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November 13, 2007

Quixotic We Are. Twisted We're Not.

By Lew Price, Quixote Winery

We specialize in petite syrah in the heart of cabernet country and yes, we bottle our entire production under twist-off caps.

Now, it turns out our belief that the screw-cap is the best closure for our fine wine is not at all twisted. We have company, a growing legion who have discovered as we did that a twist-off closure is the finest seal for quality wines.

Maison Jean-Claude Boisset, one of Burgundy’s largest wine merchants, bottled half its 2005 Chambertin with twist-off caps. That’s a $200 grand cru now cork free. Boisset decided to make the move after comparing 30-year-old wines sealed with corks against the same wines sealed under twist-off caps and deciding the capped wines offered more consistent quality and better fruit and freshness retention. “The future of great wines is with screw caps,’’ Boisset winemaker Gregory Patriat told Wine Spectator.

And that’s not all. Wine Spectator columnist, Matt Kramer, wrote in the magazine’s Oct. 31 issue of the results of a study conducted at a Bordeaux university that again confirmed that wines bottled under a twist-off cap generally emerge fresher and fruitier with more precise flavor definition. The study also suggested that the argument that screw-caps retard the aging process may lack merit, proving that there is oxygen ingress with the metal cap. “Screw caps sealed in more oxygen during bottling than did other closures because oxygen remained underneath the screw cap when it was attached to the bottle,” Kramer wrote. “Researchers found that when in place, screw caps allowed the ingress of consistent low amounts of oxygen.’’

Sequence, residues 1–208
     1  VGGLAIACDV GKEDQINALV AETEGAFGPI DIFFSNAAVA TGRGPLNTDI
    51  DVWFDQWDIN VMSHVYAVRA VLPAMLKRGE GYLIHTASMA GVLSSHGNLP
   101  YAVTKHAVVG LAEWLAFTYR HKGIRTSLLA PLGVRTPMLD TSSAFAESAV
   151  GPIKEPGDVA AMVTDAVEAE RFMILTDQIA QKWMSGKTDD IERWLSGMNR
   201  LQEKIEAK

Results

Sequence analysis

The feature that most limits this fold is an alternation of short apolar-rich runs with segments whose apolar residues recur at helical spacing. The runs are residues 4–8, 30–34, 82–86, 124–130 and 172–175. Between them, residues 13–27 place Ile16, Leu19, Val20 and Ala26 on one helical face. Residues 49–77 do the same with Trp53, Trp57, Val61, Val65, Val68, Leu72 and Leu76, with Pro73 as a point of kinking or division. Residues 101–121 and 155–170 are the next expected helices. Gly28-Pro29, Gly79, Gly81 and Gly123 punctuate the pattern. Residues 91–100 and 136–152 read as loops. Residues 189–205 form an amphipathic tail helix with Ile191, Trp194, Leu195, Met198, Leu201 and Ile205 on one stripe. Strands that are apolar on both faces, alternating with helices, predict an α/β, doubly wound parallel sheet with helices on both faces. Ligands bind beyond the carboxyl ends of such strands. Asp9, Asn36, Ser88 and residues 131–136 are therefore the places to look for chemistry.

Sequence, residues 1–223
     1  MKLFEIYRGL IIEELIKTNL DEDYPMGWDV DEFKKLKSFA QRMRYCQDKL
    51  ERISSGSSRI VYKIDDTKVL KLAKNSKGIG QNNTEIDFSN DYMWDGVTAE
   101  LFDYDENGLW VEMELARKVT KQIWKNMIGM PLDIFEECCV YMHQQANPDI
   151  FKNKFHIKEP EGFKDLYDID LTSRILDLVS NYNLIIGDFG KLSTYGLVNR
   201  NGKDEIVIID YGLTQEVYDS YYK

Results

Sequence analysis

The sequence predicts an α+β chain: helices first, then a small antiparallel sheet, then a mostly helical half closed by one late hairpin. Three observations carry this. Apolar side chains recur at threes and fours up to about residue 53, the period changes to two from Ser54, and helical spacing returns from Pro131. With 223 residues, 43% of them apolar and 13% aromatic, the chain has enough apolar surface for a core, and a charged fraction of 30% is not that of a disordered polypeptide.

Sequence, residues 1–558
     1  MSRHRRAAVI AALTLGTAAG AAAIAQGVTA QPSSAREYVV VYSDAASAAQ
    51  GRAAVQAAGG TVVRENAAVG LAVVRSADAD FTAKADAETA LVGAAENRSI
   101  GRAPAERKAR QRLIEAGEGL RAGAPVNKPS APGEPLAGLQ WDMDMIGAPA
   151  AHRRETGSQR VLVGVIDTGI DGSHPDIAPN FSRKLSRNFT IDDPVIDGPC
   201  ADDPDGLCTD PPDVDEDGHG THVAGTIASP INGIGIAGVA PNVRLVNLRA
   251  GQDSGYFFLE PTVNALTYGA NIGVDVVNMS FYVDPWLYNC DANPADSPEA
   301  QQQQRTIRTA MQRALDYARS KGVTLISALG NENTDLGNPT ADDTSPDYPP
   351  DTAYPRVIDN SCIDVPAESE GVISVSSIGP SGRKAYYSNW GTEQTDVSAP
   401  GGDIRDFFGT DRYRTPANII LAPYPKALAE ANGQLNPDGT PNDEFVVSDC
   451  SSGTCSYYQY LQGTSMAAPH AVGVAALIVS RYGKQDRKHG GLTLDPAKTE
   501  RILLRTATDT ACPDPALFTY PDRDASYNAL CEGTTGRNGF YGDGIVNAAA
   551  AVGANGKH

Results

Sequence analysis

More support followed Nov.6 when Wine Spectator’s Jim Laube, in an online blog, revealed that tasters at the magazine tasted 3,600 wines in 2007 and found 325 bottles flawed by bad corks, a failure rate of about 9 percent.

“I know cork producers insist they are cleaning up their acts,”Laube wrote. “But our results, all from blind tastings, suggest the problem is as serious as ever and maybe worse. At 9 percent, you’re close to having one bad bottle per 12-bottle case spoiled and that’s absurd. If you add in the 193 wines we tasted out of twist-offs, it raises the percentage of bad bottles even higher, to 9.5 percent.

“I blame wine producers as much as cork makers for this problem, since they are the ones that choose what to seal their wines and the failure rate of corks is pathetic. We keep hearing the same old refrain about corks that progress is being made. But if a 9-percent failure rate is considered progress, I wonder what percentage cork makers would consider a disaster?”

The bottom line, the evidence says, is that wines under screw cap age exceptionally.

But those are researchers speaking. Don’t take their word for it. Form your own opinion. Compare our 2002 Quixote Petite Syrah, of which there remain only a few dozen cases, against the newly released 2004 and see for yourself.

To order both wines. click here: www.quixotewinery.com or call us at 707-944-2659.

Posted by Pamela at November 13, 2007 3:49 PM| Share on Facebook | Napa Valley Wines, Organic, Petite Sirah, Quixote, Stags Leap Wine

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